Fraud Corner: Personally Identifiable Information

In a continuing effort to assist grantees and subgrantees in preventing cyber threats, the Office of Inspector General for the Legal Services Corporation is providing the following guidance to assist grantees in protecting personal data from a cyber-attack.

Specifically, the OIG is providing this guidance to help enhance the security of electronically shared personally identifiable information (PII). PII includes information such as name, address, social security number, birth date, bank account and bank routing numbers, and driver’s license numbers. Much of this PII is contained in client case files.

Like all employers, LSC grantees maintain PII belonging to their employees and their immediate family members, and as legal service providers, LSC grantees maintain extensive PII for clients. As a result, grantees must ensure that they have mechanisms in place to protect all PII from internal and external threats. In addition, grantees must ensure that they have a response plan in place if a breach of their systems results in the release of PII.

A breach of systems, files, or unintended sharing of PII could result in many damaging effects, including financial loss, identity theft, weakening client confidence and diminished grantee reputation. Between 2020 and 2022, the OIG hotline received information that LSC grantees were victims of nine ransomware attacks resulting in the breach or attempted breach of PII. These numbers may be even higher than those reported above, as some attempts and attacks go unreported.

LSC Requirements and Guidance Related to PII

Due to the large amount of PII stored within grantee databases and systems, LSC is invested in safeguarding those systems and has provided guidance related to protecting this information. The LSC Case Service Report (CSR) Handbook1, requires grantees to request and record sensitive PII client information, such as financial information, and information related to legal issues. The OIG suggests that grantees adopt sufficient policies and oversight practices that ensure the security of client information from internal and external threats.

LSC requirements involving client PII can also be found within LSC performance area 4, criteria 3 and the new LSC Financial Guide. Criteria 3 seeks to ensure the program has a proper written Information Technology (IT) security program to include robust IT security policies and procedures regarding protecting client and case data. Additionally, the criteria questions whether the grantee has security policies and procedures for protecting client and case data, sensitive personal and personnel data, and all communications from loss or unauthorized intrusion.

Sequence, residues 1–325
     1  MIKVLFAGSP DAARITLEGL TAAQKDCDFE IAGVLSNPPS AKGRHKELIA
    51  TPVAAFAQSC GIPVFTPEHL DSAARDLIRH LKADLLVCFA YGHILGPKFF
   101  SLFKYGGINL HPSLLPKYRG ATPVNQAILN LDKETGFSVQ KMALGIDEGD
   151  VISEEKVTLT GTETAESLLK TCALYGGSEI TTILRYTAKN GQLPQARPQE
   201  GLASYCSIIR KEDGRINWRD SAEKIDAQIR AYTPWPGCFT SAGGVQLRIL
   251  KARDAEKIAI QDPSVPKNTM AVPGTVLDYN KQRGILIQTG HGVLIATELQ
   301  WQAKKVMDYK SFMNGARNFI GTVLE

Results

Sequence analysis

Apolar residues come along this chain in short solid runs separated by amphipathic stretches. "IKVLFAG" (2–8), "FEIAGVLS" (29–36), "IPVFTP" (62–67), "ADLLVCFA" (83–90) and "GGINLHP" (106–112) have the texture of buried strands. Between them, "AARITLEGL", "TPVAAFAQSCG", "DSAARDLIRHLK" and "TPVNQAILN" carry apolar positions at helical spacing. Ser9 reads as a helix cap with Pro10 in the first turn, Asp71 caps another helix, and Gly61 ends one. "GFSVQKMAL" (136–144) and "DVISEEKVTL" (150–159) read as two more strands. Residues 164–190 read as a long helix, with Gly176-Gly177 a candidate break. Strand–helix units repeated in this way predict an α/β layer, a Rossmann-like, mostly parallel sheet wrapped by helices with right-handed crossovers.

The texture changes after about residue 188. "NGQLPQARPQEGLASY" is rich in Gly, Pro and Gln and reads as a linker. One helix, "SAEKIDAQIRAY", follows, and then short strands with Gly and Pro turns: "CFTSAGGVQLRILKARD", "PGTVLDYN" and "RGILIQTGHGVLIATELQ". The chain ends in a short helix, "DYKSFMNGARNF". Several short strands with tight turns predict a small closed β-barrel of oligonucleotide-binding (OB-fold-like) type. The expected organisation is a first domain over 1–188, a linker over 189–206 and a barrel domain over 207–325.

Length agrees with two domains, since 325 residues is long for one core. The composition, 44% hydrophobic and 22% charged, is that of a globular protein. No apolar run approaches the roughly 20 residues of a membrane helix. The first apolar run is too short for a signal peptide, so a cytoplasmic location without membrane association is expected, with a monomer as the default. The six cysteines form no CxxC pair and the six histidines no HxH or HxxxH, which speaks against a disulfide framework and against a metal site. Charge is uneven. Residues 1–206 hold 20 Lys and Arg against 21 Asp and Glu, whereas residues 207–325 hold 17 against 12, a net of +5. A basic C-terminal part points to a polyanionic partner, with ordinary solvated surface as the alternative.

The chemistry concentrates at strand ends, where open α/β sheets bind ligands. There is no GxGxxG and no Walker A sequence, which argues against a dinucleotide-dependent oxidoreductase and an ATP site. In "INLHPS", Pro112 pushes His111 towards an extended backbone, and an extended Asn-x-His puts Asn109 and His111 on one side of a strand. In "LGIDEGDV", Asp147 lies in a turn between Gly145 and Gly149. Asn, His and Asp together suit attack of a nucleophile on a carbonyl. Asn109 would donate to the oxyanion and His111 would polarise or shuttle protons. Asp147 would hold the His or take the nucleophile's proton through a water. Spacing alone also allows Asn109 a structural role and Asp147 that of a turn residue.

Section 2.5.3 of the new LSC Financial Guide requires grantees to establish policies that specifically address cybersecurity and the risks from cyber incidents such as data breaches, business interruption, and network damage. One of the cyber incident examples provided is unauthorized access and/or disclosure of PII. LSC recommends grantees obtain guidance from qualified experts in data and records security, including cybersecurity.

How to Protect PII

The Cybersecurity and Infrastructure Security Agency (CISA) released a fact sheet related to protecting PII.2 CISA recommends that organizations:

  1. Know what personal and sensitive information is stored on your systems and who has access to it. Limit the data by only storing information you need for business operations. Ensure data is properly disposed of when no longer

  2. Implement physical security best practices. CISA recommends visiting Federal Trade Commission (FTC): Protecting Personal Information: A Guide for Business and FTC: Security for Small Business
  3. Implement cybersecurity best practices by:
    1. Identifying the computers or servers where sensitive personal information is stored. Note: Do not store sensitive or personal data on internet-facing systems or laptops unless it is essential for business operations. If laptops contain sensitive data, encrypt them and train employees on proper physical security of the device.
    2. Encrypt sensitive information at rest and in
    3. Implement firewalls to protect networks and systems from malicious or unnecessary network traffic.
    4. Consider applying network segmentation to further protect systems storing sensitive or personal information.

  4. Ensure your cyber incident response and communications plans include response and notification procedures for data breach incidents. Ensure the notification procedures adhere to applicable state (Refer to the National Conference of State Legislatures: Security Breach Notification Laws for information on each state’s data breach notification laws.)

For additional information on protecting PII, CISA recommends FTC: Start with Security: a Guide for Business.

For additional cybersecurity resources, please refer to the OIG’s cybersecurity site found here.

If you have any questions or would like additional information about this or any other fraud prevention article, please contact Daniel O’Rourke, Assistant Inspector General for Investigations, LSC OIG, at (202) 295-1651, or by email at

If you would like to stay current with our most recent alerts and advisories, please follow the directions on our homepage, “Sign Up for Email Updates” to subscribe to the LSC OIG website.

1 See Part 1611, Client Eligibility, and Chapter III of the LSC Case Service Report (CSR) Handbook

2 “Protecting Sensitive and Personal Information from Ransomware-Caused Data Breaches.” Cybersecurity & Infrastructure Security Agency, Protecting_Sensitive_and_Personal_Information_from_Ransomware-Caused_Data_Breaches-508C.pdf. Accessed 21 Feb. 2023